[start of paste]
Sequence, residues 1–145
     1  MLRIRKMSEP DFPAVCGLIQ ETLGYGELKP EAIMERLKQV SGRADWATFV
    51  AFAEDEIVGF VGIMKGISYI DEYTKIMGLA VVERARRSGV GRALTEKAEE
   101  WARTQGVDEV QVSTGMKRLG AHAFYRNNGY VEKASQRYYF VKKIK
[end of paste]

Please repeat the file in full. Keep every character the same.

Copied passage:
Sequence, residues 1–145
     1  MLRIRKMSEP DFPAVCGLIQ ETLGYGELKP EAIMERLKQV SGRADWATFV
    51  AFAEDEIVGF VGIMKGISYI DEYTKIMGLA VVERARRSGV GRALTEKAEE
   101  WARTQGVDEV QVSTGMKRLG AHAFYRNNGY VEKASQRYYF VKKIK